Helicoil or TimeCert for valve covers?

Discussion in 'GS Boxers' started by pcwirepro, Nov 23, 2012.

  1. pcwirepro

    pcwirepro Aspiring Adventurer

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    I need to do five of these things and wasn't sure if one was better than the other. It looks like the helicoil is actually a coil of steel whereas the timecert is an actual threaded barrel of sorts. ~$25 for the helicoil vs ~$60 for the timecert.
    Any insight would much appreciated.
    #1
  2. sno-where

    sno-where Adventurer

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    Timecerts are better then Helicoil, but for a bolt that does not have to hold a lot of torque, you are probably just fine with the Helicoils. Anything that needs to hold more torque, I would rather trust a Timecert.<?xml:namespace prefix = o ns = "urn:schemas-microsoft-com:eek:ffice:eek:ffice" /><o:p></o:p>
    #2
  3. hillbillypolack

    hillbillypolack Grumpy Old Goat

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    I have Helicoils in one of the caliper mounts on my truck. It's low (ish) torque, at 28 ft / lbs. but has held well.

    No experience with TimeSerts or the respective torque they will handle.
    #3
  4. BluByU

    BluByU Been here awhile

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    I had to repair about 7 holes when i first got my old 1100GS (previous owner was a HACK.)

    I used Heli-coils as that was what I had in the tool box at the time, never had a problem, nothing backed out.

    Two valve cover bolts on one head and 3 on the other as well as two exhaust holes stripped.

    Worked for me
    #4
  5. pcwirepro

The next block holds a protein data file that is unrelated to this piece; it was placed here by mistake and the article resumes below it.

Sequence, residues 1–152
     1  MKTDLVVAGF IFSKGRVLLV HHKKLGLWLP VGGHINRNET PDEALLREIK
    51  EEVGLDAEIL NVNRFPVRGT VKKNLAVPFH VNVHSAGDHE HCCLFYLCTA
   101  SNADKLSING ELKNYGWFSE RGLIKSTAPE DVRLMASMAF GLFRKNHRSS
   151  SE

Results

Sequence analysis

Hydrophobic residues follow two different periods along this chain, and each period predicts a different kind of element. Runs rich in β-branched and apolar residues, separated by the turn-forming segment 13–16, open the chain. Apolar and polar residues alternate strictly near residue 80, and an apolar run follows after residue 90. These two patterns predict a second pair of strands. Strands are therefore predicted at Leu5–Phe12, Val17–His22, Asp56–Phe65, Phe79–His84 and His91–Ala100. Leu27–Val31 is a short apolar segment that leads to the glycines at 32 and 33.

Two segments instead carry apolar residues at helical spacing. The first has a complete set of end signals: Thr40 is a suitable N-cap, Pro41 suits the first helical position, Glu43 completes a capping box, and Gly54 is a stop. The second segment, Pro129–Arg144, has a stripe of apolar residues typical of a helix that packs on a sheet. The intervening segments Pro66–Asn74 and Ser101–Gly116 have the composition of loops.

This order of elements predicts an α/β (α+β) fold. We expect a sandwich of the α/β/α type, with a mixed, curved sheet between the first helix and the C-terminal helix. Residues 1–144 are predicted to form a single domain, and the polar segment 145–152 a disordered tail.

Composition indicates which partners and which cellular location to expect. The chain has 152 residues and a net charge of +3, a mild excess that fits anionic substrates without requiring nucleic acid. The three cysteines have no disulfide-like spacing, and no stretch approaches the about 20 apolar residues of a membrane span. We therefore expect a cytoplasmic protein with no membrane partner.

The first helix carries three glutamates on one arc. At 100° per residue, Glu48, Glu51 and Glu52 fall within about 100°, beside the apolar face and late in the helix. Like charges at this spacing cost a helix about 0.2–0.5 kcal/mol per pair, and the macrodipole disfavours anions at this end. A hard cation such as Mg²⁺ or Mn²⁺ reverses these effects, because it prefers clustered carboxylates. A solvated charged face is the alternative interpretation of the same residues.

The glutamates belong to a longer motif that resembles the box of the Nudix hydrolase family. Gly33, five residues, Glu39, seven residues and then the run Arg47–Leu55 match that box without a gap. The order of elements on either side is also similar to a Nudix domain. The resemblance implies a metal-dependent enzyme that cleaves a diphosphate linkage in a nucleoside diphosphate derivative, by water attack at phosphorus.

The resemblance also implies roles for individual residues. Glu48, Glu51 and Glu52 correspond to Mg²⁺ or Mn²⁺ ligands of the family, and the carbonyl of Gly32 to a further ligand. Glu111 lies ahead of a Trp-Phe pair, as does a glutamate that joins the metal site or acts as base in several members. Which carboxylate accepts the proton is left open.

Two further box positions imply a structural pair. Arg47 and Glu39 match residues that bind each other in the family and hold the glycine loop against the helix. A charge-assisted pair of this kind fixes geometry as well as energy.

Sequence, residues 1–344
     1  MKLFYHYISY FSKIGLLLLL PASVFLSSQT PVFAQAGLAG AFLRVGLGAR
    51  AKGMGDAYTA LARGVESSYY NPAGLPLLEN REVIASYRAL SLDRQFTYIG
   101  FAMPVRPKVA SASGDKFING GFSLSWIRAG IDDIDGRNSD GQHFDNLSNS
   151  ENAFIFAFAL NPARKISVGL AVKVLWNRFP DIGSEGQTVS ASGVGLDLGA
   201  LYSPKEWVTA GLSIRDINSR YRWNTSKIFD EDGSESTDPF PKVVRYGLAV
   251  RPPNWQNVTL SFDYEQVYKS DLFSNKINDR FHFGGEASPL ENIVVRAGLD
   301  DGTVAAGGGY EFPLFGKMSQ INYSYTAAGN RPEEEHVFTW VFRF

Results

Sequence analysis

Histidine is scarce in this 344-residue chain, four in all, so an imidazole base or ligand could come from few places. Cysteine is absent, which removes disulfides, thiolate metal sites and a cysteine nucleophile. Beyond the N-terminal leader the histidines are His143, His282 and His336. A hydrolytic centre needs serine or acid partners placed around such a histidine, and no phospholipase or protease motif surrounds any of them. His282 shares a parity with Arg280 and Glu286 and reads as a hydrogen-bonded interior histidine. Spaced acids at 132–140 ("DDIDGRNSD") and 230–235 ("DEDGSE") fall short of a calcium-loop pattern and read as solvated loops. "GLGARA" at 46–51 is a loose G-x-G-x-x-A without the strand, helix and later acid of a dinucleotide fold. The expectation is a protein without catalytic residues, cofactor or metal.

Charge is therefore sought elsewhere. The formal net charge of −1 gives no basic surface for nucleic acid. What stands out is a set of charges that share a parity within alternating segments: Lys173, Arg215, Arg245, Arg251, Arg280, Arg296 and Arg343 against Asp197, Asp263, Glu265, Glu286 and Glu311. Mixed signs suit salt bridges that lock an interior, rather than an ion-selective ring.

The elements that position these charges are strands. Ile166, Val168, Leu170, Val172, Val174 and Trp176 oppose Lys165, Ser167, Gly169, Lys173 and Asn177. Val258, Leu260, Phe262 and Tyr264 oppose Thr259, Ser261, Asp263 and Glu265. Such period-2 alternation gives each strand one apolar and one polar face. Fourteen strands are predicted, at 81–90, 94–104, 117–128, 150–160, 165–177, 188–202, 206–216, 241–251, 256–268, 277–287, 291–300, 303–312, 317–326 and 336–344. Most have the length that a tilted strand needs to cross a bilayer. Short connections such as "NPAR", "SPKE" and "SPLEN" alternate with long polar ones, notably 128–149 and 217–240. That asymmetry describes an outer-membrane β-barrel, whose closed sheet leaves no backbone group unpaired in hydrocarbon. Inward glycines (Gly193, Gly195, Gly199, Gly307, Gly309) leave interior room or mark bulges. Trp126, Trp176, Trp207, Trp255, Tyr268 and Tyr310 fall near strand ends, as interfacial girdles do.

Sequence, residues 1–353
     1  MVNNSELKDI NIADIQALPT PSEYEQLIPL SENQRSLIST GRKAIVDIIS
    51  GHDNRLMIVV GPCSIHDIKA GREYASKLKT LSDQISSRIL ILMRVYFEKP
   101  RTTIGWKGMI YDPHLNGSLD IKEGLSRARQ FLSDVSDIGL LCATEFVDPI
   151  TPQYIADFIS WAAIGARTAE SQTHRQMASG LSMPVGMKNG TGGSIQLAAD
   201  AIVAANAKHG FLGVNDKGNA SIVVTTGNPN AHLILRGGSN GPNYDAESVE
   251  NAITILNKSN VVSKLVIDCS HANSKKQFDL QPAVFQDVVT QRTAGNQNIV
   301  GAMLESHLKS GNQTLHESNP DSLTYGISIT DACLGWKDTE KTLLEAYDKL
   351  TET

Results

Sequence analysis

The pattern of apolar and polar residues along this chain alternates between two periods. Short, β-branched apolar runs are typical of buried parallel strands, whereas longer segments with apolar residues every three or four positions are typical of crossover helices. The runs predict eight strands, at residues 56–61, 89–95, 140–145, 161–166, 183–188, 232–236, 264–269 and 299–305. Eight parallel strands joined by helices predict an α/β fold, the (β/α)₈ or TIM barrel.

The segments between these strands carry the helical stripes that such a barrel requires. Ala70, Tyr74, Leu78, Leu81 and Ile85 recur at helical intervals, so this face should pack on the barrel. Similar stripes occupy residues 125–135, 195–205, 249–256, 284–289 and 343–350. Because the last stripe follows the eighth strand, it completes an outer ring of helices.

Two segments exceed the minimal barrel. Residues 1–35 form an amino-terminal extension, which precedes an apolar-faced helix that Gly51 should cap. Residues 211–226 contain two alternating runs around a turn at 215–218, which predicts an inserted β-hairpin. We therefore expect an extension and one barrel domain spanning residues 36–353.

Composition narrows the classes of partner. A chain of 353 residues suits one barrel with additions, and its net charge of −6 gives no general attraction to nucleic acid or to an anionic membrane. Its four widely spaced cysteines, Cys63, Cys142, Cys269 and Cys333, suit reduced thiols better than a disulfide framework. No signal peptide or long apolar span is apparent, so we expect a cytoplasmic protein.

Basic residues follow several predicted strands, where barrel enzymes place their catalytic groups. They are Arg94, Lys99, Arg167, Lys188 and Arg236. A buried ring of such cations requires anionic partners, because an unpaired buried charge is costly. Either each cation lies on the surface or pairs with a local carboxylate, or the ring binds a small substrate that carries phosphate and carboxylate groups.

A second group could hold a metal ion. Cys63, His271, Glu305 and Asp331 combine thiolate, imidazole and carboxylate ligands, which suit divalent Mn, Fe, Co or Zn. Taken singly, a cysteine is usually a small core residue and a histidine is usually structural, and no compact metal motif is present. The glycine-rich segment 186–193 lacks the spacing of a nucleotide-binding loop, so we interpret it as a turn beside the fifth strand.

pcwirepro Aspiring Adventurer

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    Sweet. I can get them from Amazon pretty cheap.
    #5
  6. LaurelPerryOnLand

    LaurelPerryOnLand Long timer

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    Nice demo video about TimeSerts:
    http://www.youtube.com/watch?v=Gxnm8J9WXz8
    #6
  7. pcwirepro

    pcwirepro Aspiring Adventurer

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    They both look like good options for the valve covers. My left side is currently blowing hot air/oil out the top.
    #7
  8. Beezer

    Beezer Long timer

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    timecerts are not "better", only different. helicoils have been used on aircraft engines for new installation as well as certified repair for at least 60-70 years. I have 36 years as an aircraft mechanic... never seen a properly installed helicoil fail. to install a timesert you have to drill a bigger hole in the parent metal
    #8
  9. pcwirepro

    pcwirepro Aspiring Adventurer

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    Well then they're certainly good enough for my lowly valve covers. Do they require locktite to keep from backing out? I sure don't want to deal with them every time I adjust my valves.
    #9
  10. Chat Lunatique

    Chat Lunatique aka El Gato Loco

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    35 years of tool and die making has let me replaces 1000's of threads that people have stripped. As Beezer says...Helicoil is the King.
    But watch the video Laurel perry posted. There is a whole tool kit you need to install a Timesert $$$

    IMHO
    #1. Helicoil - strong threads and minimal toolkit
    2. Keensert(self locking) - installs with a standard tap set. see link http://www.newmantools.com/kee.htm
    3. Timset - Good but lotsa tools req'd
    #10
  11. bemiiten

    bemiiten League of Adventures

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    Another vote for Timesert. I was told you have to drill a smaller hole then a Heli Coil to install, so is a plus where there is not allot of extra material. Looks much better for a bolt that will see frequent removal as well because it locks in place. If you go for timesert, be sure to get the right length. You need around 5mm of depth past the Timesert to allow the installation tool to travel deep enough to lock the insert in place.